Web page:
"Coriander (cilantro, when the leaves of the plant are used fresh) is a popular spice widely used in Asian, Latin American and Mediterranean cooking.
"Now, researchers from the University of Beira Interior in Portugal report that oil extracted from coriander seeds can kill bacteria related to food-borne diseases, like E. coli.
"Coriander oil has been used for centuries as a folk remedy for a number of ailments. Researchers have also previously found that the oil may ease cramps, aid in digestion, soothe fungal infections and reduce nausea.
"Although it was previously suggested that the oil can act as an antibacterial agent, this study is the first to decipher exactly how it does.
"The researchers found that coriander oil is able to damage the membrane of bacterial cells. This blocks the cell from essential processes, like respiration, and ultimately leads to the bacterium’s demise, the researchers report.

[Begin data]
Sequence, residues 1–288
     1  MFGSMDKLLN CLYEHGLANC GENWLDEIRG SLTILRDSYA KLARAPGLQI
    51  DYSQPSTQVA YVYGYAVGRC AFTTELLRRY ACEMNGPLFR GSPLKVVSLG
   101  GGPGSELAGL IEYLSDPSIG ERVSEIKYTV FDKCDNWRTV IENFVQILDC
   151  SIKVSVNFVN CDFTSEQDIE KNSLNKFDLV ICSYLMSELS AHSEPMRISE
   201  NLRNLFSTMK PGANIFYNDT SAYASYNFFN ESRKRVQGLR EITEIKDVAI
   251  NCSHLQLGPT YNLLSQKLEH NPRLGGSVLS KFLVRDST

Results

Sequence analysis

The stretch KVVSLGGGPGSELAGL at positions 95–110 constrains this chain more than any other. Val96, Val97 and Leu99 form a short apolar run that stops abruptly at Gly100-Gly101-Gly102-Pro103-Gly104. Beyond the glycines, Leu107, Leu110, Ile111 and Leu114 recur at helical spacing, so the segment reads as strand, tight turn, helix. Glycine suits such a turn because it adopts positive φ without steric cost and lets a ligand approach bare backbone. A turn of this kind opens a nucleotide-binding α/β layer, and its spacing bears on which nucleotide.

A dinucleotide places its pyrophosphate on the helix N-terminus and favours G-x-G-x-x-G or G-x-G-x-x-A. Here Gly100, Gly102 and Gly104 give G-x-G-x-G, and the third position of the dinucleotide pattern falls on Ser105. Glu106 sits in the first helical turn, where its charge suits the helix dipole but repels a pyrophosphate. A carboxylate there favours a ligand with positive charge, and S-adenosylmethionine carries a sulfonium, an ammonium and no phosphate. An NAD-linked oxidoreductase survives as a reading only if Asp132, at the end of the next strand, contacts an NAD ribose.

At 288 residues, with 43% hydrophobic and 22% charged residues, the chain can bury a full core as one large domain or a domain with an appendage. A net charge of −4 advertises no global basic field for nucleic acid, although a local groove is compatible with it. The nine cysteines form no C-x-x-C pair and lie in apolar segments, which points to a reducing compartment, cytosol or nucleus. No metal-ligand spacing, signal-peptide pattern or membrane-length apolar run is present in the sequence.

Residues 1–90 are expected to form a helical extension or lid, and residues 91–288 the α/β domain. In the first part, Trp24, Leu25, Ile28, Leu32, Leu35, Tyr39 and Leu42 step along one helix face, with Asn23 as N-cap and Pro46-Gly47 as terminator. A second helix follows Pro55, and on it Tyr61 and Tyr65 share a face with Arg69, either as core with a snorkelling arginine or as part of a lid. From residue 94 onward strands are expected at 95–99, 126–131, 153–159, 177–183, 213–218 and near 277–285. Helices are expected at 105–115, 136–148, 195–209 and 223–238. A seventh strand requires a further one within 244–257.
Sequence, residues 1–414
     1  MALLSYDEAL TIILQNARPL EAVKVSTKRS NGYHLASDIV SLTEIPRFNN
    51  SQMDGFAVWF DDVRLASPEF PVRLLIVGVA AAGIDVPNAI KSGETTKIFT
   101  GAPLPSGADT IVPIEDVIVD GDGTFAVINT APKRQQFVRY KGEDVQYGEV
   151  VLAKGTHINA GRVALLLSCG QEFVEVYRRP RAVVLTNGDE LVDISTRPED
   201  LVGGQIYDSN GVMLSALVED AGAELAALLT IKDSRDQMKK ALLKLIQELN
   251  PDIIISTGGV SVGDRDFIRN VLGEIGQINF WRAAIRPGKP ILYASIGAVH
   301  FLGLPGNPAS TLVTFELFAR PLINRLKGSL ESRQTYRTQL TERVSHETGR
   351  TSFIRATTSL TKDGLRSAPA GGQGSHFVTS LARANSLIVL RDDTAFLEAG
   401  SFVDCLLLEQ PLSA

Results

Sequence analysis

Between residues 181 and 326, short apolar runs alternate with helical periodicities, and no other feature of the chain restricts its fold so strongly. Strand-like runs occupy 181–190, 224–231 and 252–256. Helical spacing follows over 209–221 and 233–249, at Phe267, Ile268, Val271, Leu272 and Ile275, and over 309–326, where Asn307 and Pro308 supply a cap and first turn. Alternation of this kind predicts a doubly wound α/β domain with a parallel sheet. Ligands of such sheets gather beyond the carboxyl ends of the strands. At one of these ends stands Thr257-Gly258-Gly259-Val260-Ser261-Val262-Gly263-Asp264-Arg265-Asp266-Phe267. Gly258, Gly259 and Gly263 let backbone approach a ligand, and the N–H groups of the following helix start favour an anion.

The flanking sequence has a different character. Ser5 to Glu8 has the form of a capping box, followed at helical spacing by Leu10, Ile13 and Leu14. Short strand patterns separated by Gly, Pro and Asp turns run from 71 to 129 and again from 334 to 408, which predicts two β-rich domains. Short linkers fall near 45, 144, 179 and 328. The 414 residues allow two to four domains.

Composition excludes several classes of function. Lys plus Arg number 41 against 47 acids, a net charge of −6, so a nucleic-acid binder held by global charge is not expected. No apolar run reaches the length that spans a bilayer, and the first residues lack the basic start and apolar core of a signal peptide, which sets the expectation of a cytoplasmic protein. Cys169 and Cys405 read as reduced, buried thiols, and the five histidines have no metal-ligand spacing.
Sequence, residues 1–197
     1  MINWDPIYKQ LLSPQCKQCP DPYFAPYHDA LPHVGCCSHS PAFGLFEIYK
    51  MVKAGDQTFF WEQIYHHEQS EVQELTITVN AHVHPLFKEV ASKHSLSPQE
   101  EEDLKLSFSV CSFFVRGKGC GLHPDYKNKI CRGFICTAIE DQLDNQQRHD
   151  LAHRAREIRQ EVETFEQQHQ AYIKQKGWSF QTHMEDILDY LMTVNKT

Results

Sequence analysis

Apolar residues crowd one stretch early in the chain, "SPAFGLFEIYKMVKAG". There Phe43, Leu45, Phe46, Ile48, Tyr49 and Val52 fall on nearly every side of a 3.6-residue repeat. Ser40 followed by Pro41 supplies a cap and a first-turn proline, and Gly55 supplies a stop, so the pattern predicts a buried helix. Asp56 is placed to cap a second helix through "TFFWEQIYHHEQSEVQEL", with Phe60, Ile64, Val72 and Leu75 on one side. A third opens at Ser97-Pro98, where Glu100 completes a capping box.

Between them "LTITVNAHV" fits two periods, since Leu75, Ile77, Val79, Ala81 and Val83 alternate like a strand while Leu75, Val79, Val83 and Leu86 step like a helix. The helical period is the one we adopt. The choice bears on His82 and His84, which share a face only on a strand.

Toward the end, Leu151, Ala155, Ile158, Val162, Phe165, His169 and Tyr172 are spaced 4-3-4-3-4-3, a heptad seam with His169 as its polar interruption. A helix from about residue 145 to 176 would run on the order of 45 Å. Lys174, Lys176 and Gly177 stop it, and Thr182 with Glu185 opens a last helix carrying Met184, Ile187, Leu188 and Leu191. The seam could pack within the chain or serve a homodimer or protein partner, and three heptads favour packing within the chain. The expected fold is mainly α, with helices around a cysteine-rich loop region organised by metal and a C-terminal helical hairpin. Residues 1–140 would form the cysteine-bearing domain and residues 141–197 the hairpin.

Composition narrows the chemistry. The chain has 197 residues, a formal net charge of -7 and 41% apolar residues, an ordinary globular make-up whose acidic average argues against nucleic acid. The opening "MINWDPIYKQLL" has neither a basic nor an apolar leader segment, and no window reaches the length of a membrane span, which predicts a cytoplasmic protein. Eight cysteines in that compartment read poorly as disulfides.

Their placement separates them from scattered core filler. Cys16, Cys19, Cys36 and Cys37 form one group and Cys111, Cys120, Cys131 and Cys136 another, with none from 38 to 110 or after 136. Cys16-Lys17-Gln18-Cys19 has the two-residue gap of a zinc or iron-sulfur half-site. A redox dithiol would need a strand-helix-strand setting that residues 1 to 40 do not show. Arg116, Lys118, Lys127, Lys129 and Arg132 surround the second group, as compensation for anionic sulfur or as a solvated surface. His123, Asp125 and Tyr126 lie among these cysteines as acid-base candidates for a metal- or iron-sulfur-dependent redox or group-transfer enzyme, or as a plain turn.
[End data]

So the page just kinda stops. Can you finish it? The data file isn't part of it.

"They tested the effect of coriander oil on 12 bacterial strains, including E. coli, salmonella and MRSA, an antibiotic-resistant type of staphylococcus . Most of the bacteria were killed by solutions containing less than 1.6 percent coriander oil, they reported.
"With further testing, the researchers believe that coriander oil might one day be more widely used as a food preservative to prevent bacterial contamination."
Thursday, September 1, 2011
It's widely known that people in tropical climes (before widespread refrigeration) used spices to obfuscate the malodorous smells of a-little-too-old foods. And according to a recent New York Times article ("A Bacteria-Busting Oil Behind a Popular Spice"), there's an added benefit to at least one of the spices: